The automobile exclusion provision of a law enforcement professional liability insurance policy operated to deny coverage to a town for claims seeking damages for injuries sustained in an automobile accident resulting from a high speed pursuit by a town police officer. [72-74]
CIVIL ACTION commenced in the Superior Court Department on September 15, 1987.
A motion for partial summary judgment was heard by Paul A. Chernoff, J., and motions for summary judgment were heard by Richard S. Kelley, J.
The Supreme Judicial Court granted a request for direct appellate review.
Frank A. Smith, III (Jeffrey J. Clark with him) for the defendant.
Richard L. Neumeier for the plaintiffs.
Robert W. Gardner, Jr., Town Counsel, for the town of Ayer, was present but did not argue.
ABRAMS, J. The plaintiffs, the town of Ayer and American Employers Insurance Company (American), commenced this action against the defendant, Imperial Casualty & Indemnity Company (Imperial), after Imperial refused to indemnify and defend Ayer in two lawsuits seeking damages for injuries sustained in an automobile accident resulting from a
high speed pursuit by an Ayer police officer. On American's motion for partial summary judgment, the Superior Court judge ordered Imperial to defend Ayer. After Imperial failed to do so, American and Ayer filed motions for summary judgment seeking reimbursement for fees and costs incurred by American in defending and settling the litigation. The Superior Court judge allowed the plaintiffs' motion and Imperial filed a notice of appeal as to both the partial summary judgment and the summary judgment orders. We granted the parties' application for direct appellate review. We reverse.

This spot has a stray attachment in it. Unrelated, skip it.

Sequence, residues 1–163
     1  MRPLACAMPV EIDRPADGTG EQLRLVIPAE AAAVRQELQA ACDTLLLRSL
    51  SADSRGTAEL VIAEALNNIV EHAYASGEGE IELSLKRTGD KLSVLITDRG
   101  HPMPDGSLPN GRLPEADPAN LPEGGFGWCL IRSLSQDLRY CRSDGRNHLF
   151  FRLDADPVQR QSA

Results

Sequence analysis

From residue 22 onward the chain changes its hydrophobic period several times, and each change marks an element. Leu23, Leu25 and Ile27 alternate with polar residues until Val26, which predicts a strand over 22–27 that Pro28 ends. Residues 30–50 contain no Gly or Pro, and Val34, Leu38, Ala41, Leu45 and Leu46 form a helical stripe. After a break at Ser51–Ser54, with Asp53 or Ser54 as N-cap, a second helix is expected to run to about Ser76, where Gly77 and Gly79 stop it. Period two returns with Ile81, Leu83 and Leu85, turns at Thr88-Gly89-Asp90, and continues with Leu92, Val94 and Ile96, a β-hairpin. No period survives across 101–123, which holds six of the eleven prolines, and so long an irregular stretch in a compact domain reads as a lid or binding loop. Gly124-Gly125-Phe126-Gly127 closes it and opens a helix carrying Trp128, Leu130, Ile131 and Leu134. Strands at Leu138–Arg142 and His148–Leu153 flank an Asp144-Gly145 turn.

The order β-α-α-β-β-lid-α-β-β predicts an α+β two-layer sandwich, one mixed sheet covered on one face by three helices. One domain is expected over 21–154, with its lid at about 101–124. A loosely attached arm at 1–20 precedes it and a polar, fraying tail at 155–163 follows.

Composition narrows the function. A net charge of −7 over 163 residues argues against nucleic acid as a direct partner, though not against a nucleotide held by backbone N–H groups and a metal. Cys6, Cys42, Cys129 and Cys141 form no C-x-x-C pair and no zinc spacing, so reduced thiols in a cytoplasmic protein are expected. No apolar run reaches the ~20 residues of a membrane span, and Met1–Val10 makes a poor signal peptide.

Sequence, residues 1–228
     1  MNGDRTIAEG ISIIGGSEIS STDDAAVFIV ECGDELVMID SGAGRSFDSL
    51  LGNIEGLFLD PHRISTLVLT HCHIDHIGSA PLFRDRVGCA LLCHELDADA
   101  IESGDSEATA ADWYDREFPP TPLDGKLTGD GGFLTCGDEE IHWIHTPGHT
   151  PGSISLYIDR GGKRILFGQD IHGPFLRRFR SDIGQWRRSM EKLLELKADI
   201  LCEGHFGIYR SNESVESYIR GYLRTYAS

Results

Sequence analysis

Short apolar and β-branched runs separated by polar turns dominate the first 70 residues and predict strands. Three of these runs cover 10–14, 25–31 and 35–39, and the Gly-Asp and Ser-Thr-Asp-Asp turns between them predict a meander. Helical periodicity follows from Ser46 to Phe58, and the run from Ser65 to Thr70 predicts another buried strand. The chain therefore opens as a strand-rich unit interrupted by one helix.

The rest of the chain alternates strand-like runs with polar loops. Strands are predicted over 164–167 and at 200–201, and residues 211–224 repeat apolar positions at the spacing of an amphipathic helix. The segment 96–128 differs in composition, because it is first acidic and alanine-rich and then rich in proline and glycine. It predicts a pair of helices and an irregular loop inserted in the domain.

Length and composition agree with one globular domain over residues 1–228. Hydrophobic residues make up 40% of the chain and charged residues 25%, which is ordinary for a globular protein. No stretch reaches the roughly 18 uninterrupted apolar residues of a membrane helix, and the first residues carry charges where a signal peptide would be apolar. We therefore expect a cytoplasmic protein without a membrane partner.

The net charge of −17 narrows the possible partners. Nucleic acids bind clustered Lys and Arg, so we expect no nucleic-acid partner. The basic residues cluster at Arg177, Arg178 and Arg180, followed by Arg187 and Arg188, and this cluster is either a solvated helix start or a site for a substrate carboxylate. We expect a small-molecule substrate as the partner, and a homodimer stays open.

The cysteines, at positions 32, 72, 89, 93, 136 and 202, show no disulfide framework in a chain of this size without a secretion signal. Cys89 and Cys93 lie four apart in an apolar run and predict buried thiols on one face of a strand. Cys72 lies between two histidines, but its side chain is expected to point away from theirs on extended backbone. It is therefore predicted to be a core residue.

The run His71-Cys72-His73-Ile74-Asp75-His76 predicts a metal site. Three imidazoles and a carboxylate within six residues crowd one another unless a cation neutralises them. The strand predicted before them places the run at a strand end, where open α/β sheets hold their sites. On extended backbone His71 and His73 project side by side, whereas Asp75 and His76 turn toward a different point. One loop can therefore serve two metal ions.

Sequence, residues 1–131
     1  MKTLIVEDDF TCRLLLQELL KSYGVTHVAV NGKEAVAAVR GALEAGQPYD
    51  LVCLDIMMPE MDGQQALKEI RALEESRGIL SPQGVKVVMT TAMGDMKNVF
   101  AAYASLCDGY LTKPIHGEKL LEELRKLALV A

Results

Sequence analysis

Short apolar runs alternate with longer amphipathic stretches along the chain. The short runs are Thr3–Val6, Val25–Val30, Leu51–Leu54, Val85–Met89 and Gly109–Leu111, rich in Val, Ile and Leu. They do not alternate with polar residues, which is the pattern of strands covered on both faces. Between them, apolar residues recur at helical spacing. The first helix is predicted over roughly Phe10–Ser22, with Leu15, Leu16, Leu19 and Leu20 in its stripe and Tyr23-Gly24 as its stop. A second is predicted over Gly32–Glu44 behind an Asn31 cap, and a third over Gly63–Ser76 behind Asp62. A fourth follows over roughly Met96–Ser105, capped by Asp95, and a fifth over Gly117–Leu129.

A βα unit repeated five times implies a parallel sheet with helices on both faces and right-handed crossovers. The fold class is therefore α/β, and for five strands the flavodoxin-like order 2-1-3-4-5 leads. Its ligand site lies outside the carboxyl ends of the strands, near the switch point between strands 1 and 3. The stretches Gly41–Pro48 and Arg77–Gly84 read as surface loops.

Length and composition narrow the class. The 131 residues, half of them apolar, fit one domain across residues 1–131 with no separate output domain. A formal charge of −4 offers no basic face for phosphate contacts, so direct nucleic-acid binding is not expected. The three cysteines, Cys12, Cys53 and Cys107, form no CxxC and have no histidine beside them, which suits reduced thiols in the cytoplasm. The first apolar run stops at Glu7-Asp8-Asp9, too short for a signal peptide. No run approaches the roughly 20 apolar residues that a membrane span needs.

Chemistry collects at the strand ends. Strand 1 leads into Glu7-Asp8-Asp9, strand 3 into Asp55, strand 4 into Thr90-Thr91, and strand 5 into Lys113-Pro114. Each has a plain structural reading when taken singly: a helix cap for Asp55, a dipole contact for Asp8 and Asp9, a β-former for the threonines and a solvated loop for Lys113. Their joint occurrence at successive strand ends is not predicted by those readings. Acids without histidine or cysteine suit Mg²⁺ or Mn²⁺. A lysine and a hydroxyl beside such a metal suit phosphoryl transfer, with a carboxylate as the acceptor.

1. The facts. On March 2, 1985, Ayer police officer Bradley Madge engaged in a high speed pursuit of a motor vehicle operated by Andrew C. Davis. During this pursuit, the automobile driven by Davis collided with a motor vehicle operated by Joseph Crowley, Jr., causing injuries to Crowley, Jared Crowley (Crowley's son), and Christopher Deforge, a passenger in the Davis vehicle. Following the accident, both the Crowleys and Deforge initiated legal actions against Ayer alleging, among other things, that Ayer was negligent in its failure to develop policies and procedures with respect to high speed pursuits and in its failure to adequately train and supervise its police officers.
2. The duty to defend. The law enforcement professional liability insurance policy which Imperial issued to Ayer states that Imperial "will pay on behalf of [Ayer] all sums [up to $1,000,000] which [Ayer] shall become legally obliged to pay as damages because of wrongful acts arising out of Law Enforcement activities." The policy further provides that Imperial "shall have the right and duty to defend any claim or suit against [Ayer] seeking damages on account of such wrongful acts, even if the allegations of the claim or suit are groundless, false or fraudulent . . . ." However, exclusion D of this policy specifies that the policy does not apply "[t]o acts or occurrences arising out of the ownership, operation, use, loading or unloading of any land motor vehicle . . . ."
"[I]f the allegations of the [underlying] complaint are `reasonably susceptible' of an interpretation that they state or adumbrate a claim covered by the policy terms, the insurer must undertake the defense." Continental Casualty Co. v. Gilbane Bldg. Co., 391 Mass. 143 , 146 (1984). Imperial points out that the occurrence which is the subject of the underlying claims in this case arose from the use of a "land motor vehicle." Therefore, Imperial contends, the automobile exclusion provision of the law enforcement professional liability insurance policy operates to deny coverage under these facts. We agree that the automobile exclusion provision applies to Ayer's claim for coverage.